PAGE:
In that case the defendants who were a firm of stock brokers purchased the shares on stock exchange on behalf of their principal and the contract was that they would sell the shares before the settling day if so directed by the principal, but before the settling day arrived the defendants sold them in breach of the contract without principal's consent. Thus, this case affords an example that while there was one transaction of purchase with authority the corresponding transaction was entered into without authority and yet it was taken to be a matter of accounting and it had to be discharged on the settling day. AIR 1941 Bom 211; also lends support to the above view. In that case there was an outstanding transaction between an upcountry constituent and his Pucca Adatiya and the transaction remained outstanding between them on 14th October, 1939. The Pucca Adatiya gave a telegram asking for instructions sometime in the morning and as he did not receive any reply he closed the transaction in the afternoon between 3 and 4 P. M. Thereupon in the night the upcountry constituent gave contrary direction for not closing the transaction. He also instructed him to repurchase.
In such a situation the learned Judge held that notwithstanding the fact that the Pucca Adatiya had closed the transaction it shall still be treated as outstanding. The following observations of the learned Judge may be quoted with advantage :--
'I have come to the conclusion that the transactions must be treated as still outstanding that the plaintiff was entitled to give the order to close, that the defendants ought to have acted upon that order and that the plaintiff is entitled to be put in the position in which he would have been placed If they had carried out his instructions.
From the language of Section 211 of the Contract Act the learned counsel for the appellant tried to make out that when an agent acts contrary to instructions he is required to make good the loss but he is to account only if any profit accrues and as in the present case the loss is being claimed from the plaintiff there was no liability to account. I am unable to accept this argument as sound. The liability to account by an agent is always there and account has to be rendered on demand, vide Section 213 of the Contract Act. Making good the loss or accounting for the profit did not, in my view, make any difference about the duty to render accounts. In the present case the first transaction could be settled only on the 'ballan' day and the not carrying out of the direction by the defendant on 25th November, 1954 could thus properly be taken note of in settling the accounts for the first transaction.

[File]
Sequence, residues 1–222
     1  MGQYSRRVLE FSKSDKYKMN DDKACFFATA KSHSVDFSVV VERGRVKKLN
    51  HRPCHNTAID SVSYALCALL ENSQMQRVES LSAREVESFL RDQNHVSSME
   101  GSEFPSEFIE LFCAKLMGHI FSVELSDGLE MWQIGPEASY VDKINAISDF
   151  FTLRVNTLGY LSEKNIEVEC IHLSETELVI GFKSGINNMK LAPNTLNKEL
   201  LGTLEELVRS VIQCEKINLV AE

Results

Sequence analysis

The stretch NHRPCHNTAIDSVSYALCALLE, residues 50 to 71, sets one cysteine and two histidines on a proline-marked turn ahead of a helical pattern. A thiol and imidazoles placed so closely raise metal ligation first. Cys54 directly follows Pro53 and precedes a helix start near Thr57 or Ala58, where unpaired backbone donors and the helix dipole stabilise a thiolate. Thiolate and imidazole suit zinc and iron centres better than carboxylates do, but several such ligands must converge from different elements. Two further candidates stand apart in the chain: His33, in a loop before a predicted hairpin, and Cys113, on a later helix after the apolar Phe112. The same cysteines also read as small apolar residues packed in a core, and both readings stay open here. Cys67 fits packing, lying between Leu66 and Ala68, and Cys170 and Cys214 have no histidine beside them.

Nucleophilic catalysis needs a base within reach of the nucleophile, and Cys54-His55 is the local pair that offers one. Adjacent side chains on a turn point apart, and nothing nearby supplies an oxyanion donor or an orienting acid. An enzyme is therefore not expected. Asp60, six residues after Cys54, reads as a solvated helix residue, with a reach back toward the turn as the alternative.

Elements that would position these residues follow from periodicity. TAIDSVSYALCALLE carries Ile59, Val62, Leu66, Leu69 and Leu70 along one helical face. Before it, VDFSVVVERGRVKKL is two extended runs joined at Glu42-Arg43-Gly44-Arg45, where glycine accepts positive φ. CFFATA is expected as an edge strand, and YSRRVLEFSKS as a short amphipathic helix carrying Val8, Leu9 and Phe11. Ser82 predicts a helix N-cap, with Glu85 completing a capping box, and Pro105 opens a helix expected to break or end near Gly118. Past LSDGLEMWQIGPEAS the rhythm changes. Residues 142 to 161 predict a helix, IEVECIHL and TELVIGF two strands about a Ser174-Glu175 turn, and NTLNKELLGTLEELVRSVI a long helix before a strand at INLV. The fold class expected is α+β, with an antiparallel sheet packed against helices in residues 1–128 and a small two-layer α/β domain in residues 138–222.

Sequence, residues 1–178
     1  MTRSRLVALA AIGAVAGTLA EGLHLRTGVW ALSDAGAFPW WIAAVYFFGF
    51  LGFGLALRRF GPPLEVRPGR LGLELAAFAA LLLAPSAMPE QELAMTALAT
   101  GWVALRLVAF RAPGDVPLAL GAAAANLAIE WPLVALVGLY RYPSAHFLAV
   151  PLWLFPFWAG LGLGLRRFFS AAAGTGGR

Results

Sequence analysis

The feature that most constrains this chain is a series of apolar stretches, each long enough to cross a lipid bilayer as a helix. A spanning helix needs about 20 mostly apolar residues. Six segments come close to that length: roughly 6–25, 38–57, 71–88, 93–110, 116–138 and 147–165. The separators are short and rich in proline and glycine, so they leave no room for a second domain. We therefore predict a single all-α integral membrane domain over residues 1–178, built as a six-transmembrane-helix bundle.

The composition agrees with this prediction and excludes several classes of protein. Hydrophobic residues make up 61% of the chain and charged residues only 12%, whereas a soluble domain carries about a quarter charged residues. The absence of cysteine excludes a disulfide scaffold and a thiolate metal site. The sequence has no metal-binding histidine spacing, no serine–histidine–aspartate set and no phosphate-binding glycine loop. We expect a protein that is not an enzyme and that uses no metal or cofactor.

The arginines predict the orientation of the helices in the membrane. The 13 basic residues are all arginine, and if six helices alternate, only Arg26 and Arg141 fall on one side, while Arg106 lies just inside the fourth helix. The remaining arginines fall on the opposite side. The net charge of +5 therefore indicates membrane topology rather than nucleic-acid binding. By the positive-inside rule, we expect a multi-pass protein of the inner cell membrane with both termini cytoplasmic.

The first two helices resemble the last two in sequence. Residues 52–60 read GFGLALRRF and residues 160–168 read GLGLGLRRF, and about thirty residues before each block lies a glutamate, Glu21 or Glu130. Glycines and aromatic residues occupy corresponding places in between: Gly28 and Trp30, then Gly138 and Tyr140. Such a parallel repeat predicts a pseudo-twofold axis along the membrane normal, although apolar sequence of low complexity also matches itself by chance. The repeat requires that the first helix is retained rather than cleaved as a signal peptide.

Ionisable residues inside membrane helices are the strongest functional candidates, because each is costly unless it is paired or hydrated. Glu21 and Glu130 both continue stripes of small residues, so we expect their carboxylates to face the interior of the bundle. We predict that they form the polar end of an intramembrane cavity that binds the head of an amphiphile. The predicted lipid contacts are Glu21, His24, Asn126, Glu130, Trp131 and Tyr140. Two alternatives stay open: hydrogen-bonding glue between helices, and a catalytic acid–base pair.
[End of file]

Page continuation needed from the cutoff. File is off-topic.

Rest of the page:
One cannot reasonably isolate the two transactions and in finding out what money was payable by one party to the other their combined effect was to be seen at the appropriate time. Therefore the position that has emerged is not different even if the direction was not carried out in the present case. The plaintiff has to be placed in the same position in which he would have been if his directions were carried out. Following this to its logical conclusion the sum due to the plaintiff will become payable when it would normally be so payable on the 'ballan' day. The lower Court was, therefore, right in holding that the starting point of the limitation was 3rd December, 1954 when the amount became payable. Once this conclusion is reached then it is wholly immaterial whether Article 89 or for that matter any other Article is held to be applicable.
Article 65 will obviously govern such a case as the contingency for payment will arise only on the 'ballan' day. According to the custom of the Association under whose ages the defendant was trading this position is crystal clear, vide para 2 of the defendant's plaint in the other case (Ex. A. 6) which has already been extracted above. In view of this conclusion, in my view, it is not necessary to encumber this judgment by entering into any detailed examination of the question as to when the agency can be said to have been terminated, i. e. whether on 25th November 1954 or 30th November 1954 as contended by the learned counsel for the appellant or on the 'ballan' day 3rd December 1954 as contended by the learned counsel for the respondent. Cases are available in support of either view.
While (1890) ILR 12 All 541 and (1899) ILR 26 Cal 715, support the learned counsel for the respondent the learned counsel for the appellant is supported by Venkatachalam Chetty v. Narayanan Chetty, AIR 1916 Mad 281. I need not advert to the other cases referred to by the learned counsel on either side. Nor is it necessary to deal with cases having a bearing on the question whether there was neglect or misconduct of the agent involved in the breach of the contract or not. The other cases have a bearing on the question whether Article 89 of the Limitation Act applies or the case is governed by Article 90 of the Limitation Act. In view of the above discussion I hold that the judgment under appeal is correct and does not call for interference.
18. In the result I hereby dismiss this appeal but in the facts and the circumstances of the case leave the parties to bear their own costs.